The more I think about the Shor/McCarty graph showing legislative partisanship in the states, the more concerns I have. Don't get me wrong -- it's an amazing graph with a ton of important data behind it. But I'm increasingly concerned about the hidden role of agenda control.
The graph below is a density plot of the percent of the chamber voting yes on all the bills that came before it in the 1999-2000 legislative session. It charts this distribution for both the California and Florida assemblies. (The data come from the Representation in America's Legislatures project.)What do we see here? In Florida, the distribution is bimodal. Most pieces of legislation either get around 40% of the vote or around 80% of the vote. Why would so many bills get 40% of the chamber voting yes? They are minority party bills. The minority party usually loses, but they can still get their bills to a floor vote.
Contrast that with the distribution for California. Again, the distribution is bimodal, but the peaks are around 60% of the chamber (a narrow win) and around 90% (near unanimity). Almost no bills get below 50% of the chamber voting yes. In other words, the minority party's bills almost never make it to the chamber floor. The majority party makes sure that they die in committee.
This can have a substantial effect on the appearance of party polarization. In California, bills that might otherwise give the chamber more of an appearance of bipartisanship are being killed by the majority party before they can reach a floor vote. This may account for California having the most divergent parties in the Shor/McCarty graph. Or maybe it really is due to the legislators being so ideologically dissimilar. It's hard to tell, and I don't know of any multi-year measures of state-level agenda control that would allow us to factor this effect out.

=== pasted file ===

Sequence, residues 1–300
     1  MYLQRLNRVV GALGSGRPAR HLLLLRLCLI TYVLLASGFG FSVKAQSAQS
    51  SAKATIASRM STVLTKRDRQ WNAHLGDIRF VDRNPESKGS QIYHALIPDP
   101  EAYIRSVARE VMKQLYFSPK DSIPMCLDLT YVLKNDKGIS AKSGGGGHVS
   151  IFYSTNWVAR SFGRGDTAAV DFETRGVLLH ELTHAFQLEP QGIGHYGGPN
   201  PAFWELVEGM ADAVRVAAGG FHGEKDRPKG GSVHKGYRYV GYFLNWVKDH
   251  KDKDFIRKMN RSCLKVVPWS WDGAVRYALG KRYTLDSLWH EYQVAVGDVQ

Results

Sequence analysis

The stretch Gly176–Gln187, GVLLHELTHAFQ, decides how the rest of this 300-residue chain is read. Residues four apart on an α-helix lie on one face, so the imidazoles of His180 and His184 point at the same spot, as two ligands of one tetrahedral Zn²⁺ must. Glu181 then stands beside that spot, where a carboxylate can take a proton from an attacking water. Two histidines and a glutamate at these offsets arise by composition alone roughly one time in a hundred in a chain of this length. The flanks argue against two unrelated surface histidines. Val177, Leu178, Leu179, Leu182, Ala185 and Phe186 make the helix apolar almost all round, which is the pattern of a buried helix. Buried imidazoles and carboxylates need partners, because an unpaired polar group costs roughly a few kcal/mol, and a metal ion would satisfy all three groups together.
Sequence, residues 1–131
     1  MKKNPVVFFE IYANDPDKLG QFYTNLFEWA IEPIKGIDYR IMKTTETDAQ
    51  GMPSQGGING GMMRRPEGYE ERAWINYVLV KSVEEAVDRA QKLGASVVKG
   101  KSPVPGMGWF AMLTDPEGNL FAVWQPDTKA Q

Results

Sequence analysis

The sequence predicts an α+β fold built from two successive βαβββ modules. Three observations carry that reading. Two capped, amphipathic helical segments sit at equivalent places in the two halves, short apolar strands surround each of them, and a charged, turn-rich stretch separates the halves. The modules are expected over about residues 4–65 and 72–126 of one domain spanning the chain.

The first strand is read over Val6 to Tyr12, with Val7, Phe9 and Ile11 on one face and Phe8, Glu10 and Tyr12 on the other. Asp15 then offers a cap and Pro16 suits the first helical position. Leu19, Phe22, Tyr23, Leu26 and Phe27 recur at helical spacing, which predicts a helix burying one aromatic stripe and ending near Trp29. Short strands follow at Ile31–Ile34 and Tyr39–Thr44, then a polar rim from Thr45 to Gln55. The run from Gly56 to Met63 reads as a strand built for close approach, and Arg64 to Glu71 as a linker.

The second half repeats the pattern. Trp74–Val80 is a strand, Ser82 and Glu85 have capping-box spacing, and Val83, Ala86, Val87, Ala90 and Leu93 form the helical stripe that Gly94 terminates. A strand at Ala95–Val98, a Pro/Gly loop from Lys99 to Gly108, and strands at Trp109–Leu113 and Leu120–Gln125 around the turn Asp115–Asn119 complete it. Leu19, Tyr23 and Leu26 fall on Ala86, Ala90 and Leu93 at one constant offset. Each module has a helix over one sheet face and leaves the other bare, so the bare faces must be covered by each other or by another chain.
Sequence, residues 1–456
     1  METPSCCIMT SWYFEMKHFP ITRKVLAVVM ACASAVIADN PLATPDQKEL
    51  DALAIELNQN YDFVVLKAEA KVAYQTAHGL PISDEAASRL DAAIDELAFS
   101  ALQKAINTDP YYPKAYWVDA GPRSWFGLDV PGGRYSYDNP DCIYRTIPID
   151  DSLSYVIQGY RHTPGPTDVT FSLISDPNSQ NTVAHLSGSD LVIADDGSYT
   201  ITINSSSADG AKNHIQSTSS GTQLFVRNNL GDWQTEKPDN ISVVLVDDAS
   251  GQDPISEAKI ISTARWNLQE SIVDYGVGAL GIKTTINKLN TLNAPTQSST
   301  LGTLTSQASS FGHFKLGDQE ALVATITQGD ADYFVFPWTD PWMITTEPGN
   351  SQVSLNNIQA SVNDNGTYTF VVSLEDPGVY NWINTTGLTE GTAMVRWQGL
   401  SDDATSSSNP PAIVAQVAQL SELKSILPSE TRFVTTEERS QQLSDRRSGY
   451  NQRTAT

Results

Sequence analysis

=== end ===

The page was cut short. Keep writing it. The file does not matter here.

One other issue. As some of the commenters at 538 noted, it's kind of weird to see California's GOP further to the right than any of the southern states' Republican parties. Now this is certainly possible. The Shor/McCarty data compresses everything onto one dimension. I'm guessing that the southern Republicans would look more conservative on cultural measures than the CA GOP, although the Californians are probably more conservative on economic measures. But I'm not sure.
Update: Boris Shor responds.
Later update: Boris is probably right that agenda control isn't biasing these results all that much. As he notes, the U.S. House and Senate have very different agenda control rules, yet members show remarkably consistency in their ideal points when they move from one chamber to the other. However, I don't know whether the differences between the House and the Senate are on par with the differences across state legislatures. The differences between Florida and California strike me as pretty huge.